BTT Octopus Pro: Natural evolution of Octopus for high performance and speed machines

It seems that the recognized manufacturer of printers and components BigTreeTech doesn’t want to stay behind his competitors in electronics development for 3D printers and raises the bar a little more.

Some time ago, as you will know if you are regular readers of our blog, BigTreeTech launched a great electronic board called BTT Octopus. In fact, you can read the analysis and configuration of it in an extensive article that we recently published here: BTT Octopus: Analysis and Setup Guide with Marlin and Klipper

Well, these weeks ago it has surprised us again with a complete review/update of it called BTT Octopus Pro, and in the next article we will show its new features.

Brief introduction

As can you imagine, the new BTT Octopus Pro is a new evolution of the great electronics BTT Octopus, and that was launched less than a year ago.

This evolution has been thought directly for machines that require high volumes or printing speeds, using more powerful and advanced components than those that we would normally find in another type of low or medium range electronics.

As we advise for the BTT Octopus normal, these electronic boards are especially suitable for “CoreXY” style machines such as Voron 2.4, BLV or VCore3, being today the best machines if you are looking for high performance in a 3D printer.

Before continuing with the article I would like to remind you as always that we have a large community in our Telegram channel. There we usually share all our doubts and experiences. If you want to be part of it, do not hesitate to join us.

You can also find a lot of help or resources directly in the Telegram group of SKR, ‌ as well as other helpful guides in our Telegram Bot @ThreeDWorkHelpBot.

Where to buy the BTT Octopus Pro?

You can find the BTT Octopus and BTT Octopus Pro in different internet marketplaces. Here we leave you some available links.

They are affiliate links to Amazon, Aliexpress and Markets, but they do not imply any increase on their price and they serve to support our project 3DWork.io

BTT Octopus
BTT Octopus Pro

Or if you wish, you can directly use our Markets.sx component search engine, where you can compare prices with a single search very easily.

BigTreeTech Octopus PRO diagrams

Although the differences with its sister BTT Octopus are minimal, you can find the connection diagrams, pinning and measurements in the following images (click to enlarge)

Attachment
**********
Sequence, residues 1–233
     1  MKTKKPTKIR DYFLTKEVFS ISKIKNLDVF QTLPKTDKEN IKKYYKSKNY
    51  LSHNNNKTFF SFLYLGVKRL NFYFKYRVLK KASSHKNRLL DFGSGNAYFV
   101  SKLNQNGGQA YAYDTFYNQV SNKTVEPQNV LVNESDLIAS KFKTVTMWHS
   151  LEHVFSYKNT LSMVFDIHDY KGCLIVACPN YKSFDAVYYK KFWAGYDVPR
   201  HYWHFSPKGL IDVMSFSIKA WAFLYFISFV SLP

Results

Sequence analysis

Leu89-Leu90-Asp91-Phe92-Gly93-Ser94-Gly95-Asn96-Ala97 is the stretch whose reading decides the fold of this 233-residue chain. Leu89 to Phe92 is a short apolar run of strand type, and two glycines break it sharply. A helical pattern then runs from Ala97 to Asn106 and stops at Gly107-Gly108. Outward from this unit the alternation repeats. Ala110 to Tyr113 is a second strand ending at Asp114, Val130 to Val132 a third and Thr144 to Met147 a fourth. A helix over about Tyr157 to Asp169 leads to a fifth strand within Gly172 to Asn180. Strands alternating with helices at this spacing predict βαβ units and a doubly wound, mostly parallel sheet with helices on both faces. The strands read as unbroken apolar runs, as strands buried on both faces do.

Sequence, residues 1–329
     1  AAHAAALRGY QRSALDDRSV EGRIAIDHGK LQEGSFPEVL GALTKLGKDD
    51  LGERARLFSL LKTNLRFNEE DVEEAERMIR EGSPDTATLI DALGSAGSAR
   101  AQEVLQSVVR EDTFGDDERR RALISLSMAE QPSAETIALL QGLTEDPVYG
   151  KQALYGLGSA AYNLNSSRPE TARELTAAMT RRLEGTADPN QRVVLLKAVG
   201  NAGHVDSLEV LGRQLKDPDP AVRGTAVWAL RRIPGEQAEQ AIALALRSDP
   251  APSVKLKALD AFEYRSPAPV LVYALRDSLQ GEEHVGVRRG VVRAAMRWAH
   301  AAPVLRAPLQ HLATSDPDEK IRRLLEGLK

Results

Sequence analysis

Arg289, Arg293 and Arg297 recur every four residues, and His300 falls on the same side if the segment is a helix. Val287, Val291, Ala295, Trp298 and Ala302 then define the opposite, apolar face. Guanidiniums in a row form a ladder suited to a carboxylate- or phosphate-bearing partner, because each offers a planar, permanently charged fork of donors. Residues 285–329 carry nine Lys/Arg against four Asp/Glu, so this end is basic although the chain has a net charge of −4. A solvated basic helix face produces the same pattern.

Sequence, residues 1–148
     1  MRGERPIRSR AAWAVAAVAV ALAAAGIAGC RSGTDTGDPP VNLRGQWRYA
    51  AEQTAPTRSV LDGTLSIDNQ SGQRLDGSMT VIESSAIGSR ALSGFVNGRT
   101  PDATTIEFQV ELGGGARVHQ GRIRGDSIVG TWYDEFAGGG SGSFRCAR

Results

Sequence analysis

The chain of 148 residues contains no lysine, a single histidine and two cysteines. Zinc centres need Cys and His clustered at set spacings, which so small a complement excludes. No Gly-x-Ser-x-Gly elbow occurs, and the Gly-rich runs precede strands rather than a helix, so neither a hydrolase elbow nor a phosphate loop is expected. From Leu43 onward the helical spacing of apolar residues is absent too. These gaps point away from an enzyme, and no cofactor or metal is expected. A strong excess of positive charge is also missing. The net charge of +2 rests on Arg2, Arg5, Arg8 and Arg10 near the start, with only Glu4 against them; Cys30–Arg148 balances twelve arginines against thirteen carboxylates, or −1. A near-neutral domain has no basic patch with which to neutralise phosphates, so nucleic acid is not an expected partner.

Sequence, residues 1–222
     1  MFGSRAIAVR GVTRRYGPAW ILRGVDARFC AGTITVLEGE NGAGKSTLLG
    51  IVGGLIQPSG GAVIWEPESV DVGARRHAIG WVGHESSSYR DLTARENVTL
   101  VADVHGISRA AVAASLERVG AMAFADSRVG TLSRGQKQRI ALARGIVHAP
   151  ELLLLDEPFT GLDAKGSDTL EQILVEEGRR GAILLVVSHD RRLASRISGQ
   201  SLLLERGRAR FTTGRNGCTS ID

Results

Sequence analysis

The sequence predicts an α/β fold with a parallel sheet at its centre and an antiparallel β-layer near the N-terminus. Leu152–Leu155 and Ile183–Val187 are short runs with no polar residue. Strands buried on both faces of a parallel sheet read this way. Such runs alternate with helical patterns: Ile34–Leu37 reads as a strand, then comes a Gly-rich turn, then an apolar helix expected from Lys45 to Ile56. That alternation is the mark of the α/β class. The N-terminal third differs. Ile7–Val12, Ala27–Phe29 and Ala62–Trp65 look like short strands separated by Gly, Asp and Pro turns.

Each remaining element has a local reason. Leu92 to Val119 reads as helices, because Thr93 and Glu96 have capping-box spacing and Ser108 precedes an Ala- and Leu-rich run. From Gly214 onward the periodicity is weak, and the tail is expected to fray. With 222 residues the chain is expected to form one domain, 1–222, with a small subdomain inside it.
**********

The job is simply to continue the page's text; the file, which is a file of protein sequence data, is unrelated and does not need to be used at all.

You can also access the BTT Octopus PRO manual provided by BigTreeTech on its official Github, along with other interesting information about this impressive electronics.

Main features

The most important features that we could highlight about the new BTT Octopus Pro are the following:

  • Two versions of MCUs available
    • 32b ARM Cortex-M4 MCU STM32F446ZET6 with a clock frequency of 180MHz and 512k of flash memory, being this version the most advisable for Klipper or Marlin firmwares
    • MCU of 32b ARM Cortex-M4 STM32F429ZGT6 with a clock frequency of 168Mhz and 1MB of flash memory, this version being the most recommended for RRF firmwares
  • Direct support for 3 types of available firmwares: Klipper, Marlin and RRF
  • Interface for Raspberry Pi both by USB and UART (by GPIO)
  • Up to 4 hotends available
  • Up to 8 high voltage drivers or normal with new protection electronics
  • Independent power supply for motors, hot bed and electronics
  • Up to 6 controllable fans and 2 without control, with the possibility of selecting the working voltage between Vin, 12V and 5V.
  • Protection against shorts in the fan sockets, important due to poor handling or failure of these components as it is one of the most common problems with the boards of our machines
  • USB-C connector that allows serial emulation to be able to print via USB
  • Compatibility with almost any screen although always advisable use the great ones SKR dual screens
  • MOSFETs high performance that improve the efficiency and heating speed of the heaters
  • Protection fuses that can be easily replaced
  • Double motor output for the Z axis
  • Improvements in bootloader, supporting updating by USB (recommended) and DFU (advanced users)
  • 32K EEPROM (AT24C32)
  • Connectors for RGB LEDs and Neopixel
  • Connector for WiFi interface (ESP8266)
  • PT100 interface / amplifier installed supporting 2/3/4 wire sensors
  • Short protection in thermistor connectors, another great improvement over well applied to fans. Allows reusing these pins for other tasks with a pin that bypasses these protections
  • Support for BLTouch/3DTouch and similar with a connector intended for them and usable by other ABL systems. The PROBE port was added extra protection with an optocoupler so as not to need to use a BAT85 diode
  • CAN BUS via ethernet connector for future expansion modules
  • SPI BUS expansion port for SPI modules such as MAX31865
  • I2C BUS expansion port for I2C modules
  • Support for modules solid state relay and UPS

Differences between Octopus and Octopus Pro

Now we are going to discover what differences exist between both electronics BTT Octopus and BTT Octopus Pro. In this way, we will know exactly what improvements the manufacturer has introduced.

  • To begin with, support for high voltage (HV) drivers has been added, specifically up to theoretical 60V, although we recommend working with 48V systems. Of course we can use our BTT Octopus Pro board with standard drivers thanks to the fact that BigTreeTech has put at our disposal a jumper to choose one mode or another.
  • Improved driver control electronics, with new integrated that promise to improve the quality and management of their use.